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Phasing out Environmentally Harmful Subsidies

Examples of EHS by category and the EHS inventory

Examples of potentially environmentally harmful subsidies are provided here by four broad subsidy categories. Determining whether the subsidies are indeed environmentally harmful requires consideration on a case-by-case basis. The EHS have been categorised by Member State, type of subsidy, economic sector, type of environmental impacts and relevant Sustainable Development Goals, type and magnitude of budget impacts, category of beneficiaries and other interested parties.

Phasing out environmentally harmful subsidies in EU Member States

Current state of play

As part of the 8th Environment Action Programme (EAP), it was agreed to look further at environmentally harmful subsidies. In particular, complementing ongoing work on fossil fuel subsidies, it was agreed that a methodology should be developed in consultation with Member States, in 2023, to identify other environmentally harmful subsidies. This will allow Member States to identify these other environmentally harmful subsidies and report them regularly to the Commission, allowing for a Commission report on the level and type of such subsidies in the Union, and on progress made on phasing them out. Work is ongoing to develop this methodology, and is set out under the Expert Group (link to Register of Commission expert groups and other similar entities (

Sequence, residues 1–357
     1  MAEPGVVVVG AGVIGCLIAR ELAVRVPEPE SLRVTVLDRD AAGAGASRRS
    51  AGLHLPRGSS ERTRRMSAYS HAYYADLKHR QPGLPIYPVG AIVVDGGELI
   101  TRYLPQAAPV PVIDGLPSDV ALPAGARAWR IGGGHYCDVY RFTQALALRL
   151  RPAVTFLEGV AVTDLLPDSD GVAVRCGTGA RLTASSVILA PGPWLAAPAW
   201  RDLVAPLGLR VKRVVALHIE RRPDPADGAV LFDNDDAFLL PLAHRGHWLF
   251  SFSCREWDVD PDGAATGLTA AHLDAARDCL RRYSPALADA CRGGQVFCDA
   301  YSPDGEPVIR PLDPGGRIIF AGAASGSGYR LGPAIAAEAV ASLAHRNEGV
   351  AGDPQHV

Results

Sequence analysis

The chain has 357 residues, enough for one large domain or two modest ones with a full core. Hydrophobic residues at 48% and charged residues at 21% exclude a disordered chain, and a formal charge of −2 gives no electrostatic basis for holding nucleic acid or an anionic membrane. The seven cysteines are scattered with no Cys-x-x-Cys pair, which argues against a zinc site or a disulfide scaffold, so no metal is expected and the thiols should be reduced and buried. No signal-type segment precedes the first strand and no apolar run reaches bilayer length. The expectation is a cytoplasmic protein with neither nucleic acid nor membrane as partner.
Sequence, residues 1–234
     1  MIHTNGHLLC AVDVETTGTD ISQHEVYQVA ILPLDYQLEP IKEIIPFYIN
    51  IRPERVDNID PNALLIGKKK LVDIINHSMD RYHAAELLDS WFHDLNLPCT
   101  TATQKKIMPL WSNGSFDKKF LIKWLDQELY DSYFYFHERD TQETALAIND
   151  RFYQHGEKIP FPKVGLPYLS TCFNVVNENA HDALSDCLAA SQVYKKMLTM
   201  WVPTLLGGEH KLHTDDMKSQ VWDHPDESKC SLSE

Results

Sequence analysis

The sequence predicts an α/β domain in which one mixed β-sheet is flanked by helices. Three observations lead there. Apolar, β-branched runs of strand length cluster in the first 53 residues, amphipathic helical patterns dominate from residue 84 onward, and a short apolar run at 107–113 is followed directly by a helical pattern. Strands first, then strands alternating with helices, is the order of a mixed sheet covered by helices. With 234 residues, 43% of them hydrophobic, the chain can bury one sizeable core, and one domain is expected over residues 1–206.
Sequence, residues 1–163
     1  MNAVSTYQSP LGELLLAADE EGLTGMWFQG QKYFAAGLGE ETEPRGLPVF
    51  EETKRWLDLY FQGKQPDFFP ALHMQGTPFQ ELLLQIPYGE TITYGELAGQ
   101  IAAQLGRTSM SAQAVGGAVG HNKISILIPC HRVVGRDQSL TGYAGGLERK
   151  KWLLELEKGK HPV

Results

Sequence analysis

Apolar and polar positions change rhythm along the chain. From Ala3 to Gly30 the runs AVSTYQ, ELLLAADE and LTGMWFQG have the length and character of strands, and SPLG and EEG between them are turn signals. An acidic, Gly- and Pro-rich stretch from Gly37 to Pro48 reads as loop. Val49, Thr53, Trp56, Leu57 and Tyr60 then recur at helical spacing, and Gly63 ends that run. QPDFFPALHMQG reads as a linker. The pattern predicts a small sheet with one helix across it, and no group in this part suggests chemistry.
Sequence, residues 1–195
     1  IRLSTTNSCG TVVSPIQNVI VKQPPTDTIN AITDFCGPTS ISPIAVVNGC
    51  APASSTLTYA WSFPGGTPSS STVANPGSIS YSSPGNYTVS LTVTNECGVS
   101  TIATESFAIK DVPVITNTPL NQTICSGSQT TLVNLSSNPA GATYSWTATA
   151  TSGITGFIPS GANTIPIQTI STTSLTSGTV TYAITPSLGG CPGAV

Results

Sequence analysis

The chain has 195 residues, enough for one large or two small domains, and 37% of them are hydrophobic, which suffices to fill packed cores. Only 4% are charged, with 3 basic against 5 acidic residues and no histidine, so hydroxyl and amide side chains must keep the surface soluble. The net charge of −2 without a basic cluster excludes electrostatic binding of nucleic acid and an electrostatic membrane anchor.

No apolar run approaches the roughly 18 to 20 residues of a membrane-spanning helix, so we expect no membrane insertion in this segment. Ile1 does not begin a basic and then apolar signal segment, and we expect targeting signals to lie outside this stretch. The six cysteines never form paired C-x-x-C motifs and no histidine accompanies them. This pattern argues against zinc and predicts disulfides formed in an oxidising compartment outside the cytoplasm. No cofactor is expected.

This methodology is also relevant for reporting under the Kunming-Montreal Global Biodiversity Framework (GBF) agreed at the 15th Conference of the Parties to the Convention for Biological Diversity (CBD COP15) includes Target 18 [1] to:

Identify by 2025, and eliminate, phase out or reform incentives, including subsidies, harmful for biodiversity, in a proportionate, just, fair, effective and equitable way, while substantially and progressively reducing them by at least 500 billion United States dollars per year by 2030, starting with the most harmful incentives, and scale up positive incentives for the conservation and sustainable use of biodiversity.”

Any subsidy harmful to the environment is ultimately also harmful to biodiversity. For example, a fossil fuel subsidy would impact on biodiversity.


[1] Target 18 ( This CBD Target 18 is underpinned by OECD analysis and methodologies that are reflected in this Guidance.

More information

You can read more about the reform of EHS in the final report and the country case studies and factsheets compilation: 

A toolbox for reforming environmentally harmful subsidies in Europe

Country case studies and candidates for reform factsheets

Reporting on Fossil Fuel Subsidies takes place every year, see the “2023 Report on Energy Subsidies in the EU”  EUR-Lex - 52023DC0651 - EN - EUR-Lex (

Many international organisations have produced guidance material for the identification and assessment of EHS.